Did local petroglyphs depict plasma? 

Published 3:30 pm Monday, November 7, 2016

Last Tuesday, Kentucky author, artist and amateur archaeologist Al Cornette gave a talk at the library about his interpretation of The High Rock Petroglyph, a large rock carving found in Powell County and now housed in the Red River Museum in Clay City. 

Al believes the petroglyph depicts a face that incorporates stylistic elements used by Mayans, and so the High Rock Petroglyph suggests descendants of the Mayans of Central America once populated the Red River Gorge.

You can read all about his theory in his book “The High Rock Petroglyph” (call # 979.901 Corn).

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Al also left four new paintings to exhibit in the library’s Rose Mary Codell Brooks Community Room through the month of November. One of the paintings depicts the High Rock Petroglyph. The other three have their own unusual story.

Those three paintings contain images from petroglyphs found all over the world. They look like stick figure people with round heads and bodies. For many years, that was how the images were interpreted.

But, in the 1990s a plasma physicist named Anthony Peratt noticed those images also depict electrical discharges that occur when high energy plasma bursts (like solar flares) interact with the Earth’s magnetosphere. Plasma is the most abundant form of ordinary matter in the universe. It is one of the four fundamental states of matter — the others are solid, liquid and gas. Plasma can be created by heating a gas to above 5,000 degrees centigrade or subjecting it to a strong electromagnetic field. We are most familiar with plasma as lightning.

Peratt believes ancient people around the world observed plasma bursts in the sky and depicted them with the figures like the ones Al has incorporated into his paintings.

Peratt is not a pseudo-scientist sensationally exploiting abracadabra. He is a life fellow of The Institute of Electrical and Electronics Engineers, an emeritus member of the American Astronomical Society. In 1998, he was the acting director of the National Security, Nuclear Nonproliferation Directorate, and from 1999-2002, a member of Los Alamos National Laboratory Associate Directorate for Experiments and Simulations.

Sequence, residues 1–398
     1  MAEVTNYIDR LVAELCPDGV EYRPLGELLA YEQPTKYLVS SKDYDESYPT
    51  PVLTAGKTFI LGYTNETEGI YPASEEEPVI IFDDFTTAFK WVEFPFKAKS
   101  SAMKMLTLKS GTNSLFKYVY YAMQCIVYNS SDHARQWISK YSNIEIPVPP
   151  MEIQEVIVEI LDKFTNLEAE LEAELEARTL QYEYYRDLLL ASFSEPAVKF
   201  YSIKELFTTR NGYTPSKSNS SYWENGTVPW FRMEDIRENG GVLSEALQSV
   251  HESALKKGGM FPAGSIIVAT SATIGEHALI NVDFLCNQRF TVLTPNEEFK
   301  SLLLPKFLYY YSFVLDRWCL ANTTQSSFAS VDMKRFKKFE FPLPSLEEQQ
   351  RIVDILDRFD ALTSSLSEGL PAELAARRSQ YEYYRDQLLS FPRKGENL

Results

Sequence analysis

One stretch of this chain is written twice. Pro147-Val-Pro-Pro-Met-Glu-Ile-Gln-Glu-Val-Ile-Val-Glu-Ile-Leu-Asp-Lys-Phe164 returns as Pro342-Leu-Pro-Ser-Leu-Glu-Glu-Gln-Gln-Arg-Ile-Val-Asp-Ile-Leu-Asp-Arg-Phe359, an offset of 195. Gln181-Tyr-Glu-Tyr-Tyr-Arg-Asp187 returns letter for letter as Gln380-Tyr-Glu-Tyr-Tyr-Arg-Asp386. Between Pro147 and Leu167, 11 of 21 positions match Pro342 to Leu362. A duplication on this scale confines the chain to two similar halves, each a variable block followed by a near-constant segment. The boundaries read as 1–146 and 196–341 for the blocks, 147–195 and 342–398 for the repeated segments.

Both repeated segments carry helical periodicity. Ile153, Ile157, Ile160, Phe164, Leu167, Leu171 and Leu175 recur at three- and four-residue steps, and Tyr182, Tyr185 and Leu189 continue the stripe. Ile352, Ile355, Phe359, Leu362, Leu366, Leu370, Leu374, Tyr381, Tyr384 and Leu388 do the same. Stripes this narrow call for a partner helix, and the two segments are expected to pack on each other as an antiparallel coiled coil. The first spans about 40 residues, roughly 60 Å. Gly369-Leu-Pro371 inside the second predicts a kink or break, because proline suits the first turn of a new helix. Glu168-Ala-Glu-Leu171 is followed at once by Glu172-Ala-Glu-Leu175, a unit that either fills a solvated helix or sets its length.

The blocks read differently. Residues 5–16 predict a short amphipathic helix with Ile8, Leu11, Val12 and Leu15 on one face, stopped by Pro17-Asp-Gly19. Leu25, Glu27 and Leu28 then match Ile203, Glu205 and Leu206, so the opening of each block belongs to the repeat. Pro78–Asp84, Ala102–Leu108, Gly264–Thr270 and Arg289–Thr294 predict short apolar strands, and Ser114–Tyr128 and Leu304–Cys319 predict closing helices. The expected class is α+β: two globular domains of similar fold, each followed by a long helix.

If you want to explore his theories, go to his website, The Plasma Universe, www.plasmauniverse.info.

If you’re interested in finding out about some of the “out there” theories out there, try Margaret Wertheim’s great book, “Physics on the Fringe” (call # 530.1 Wert).  In 1993, Jim Carter, a trailer park owner in Enumclaw, Washington, sent out to a select group of scientists a letter announcing the publication of a book in which he proposed a complete alternative theory of physics. Gravity and matter, the periodic table and the creation of the universe — all these Carter explained through wildly creative ideas perfected through backyard experiments using garbage cans and a disco fog machine to make giant smoke rings.

Sound nutty? As Neils Bohr once said to Linus Pauling: “We are all agreed that your theory is crazy. The question that divides us is whether it is crazy enough to have a chance of being correct.”

What’s happening this week?

— AT 2 p.m. Wednesday, Kentucky Picture Show presents a movie many think is one of the best and funniest of 2016. A national manhunt is ordered for a rebellious kid and his foster uncle who go missing in the wild New Zealand bush. Rated PG-13.

— At 10 a.m. Friday, The Pantsers writing group meets to follow their imaginations wherever they go, down the block, into the bush, into the Cosmos, or, like Don Williamson, into a ’57 Chevy.

What’s in your imagination?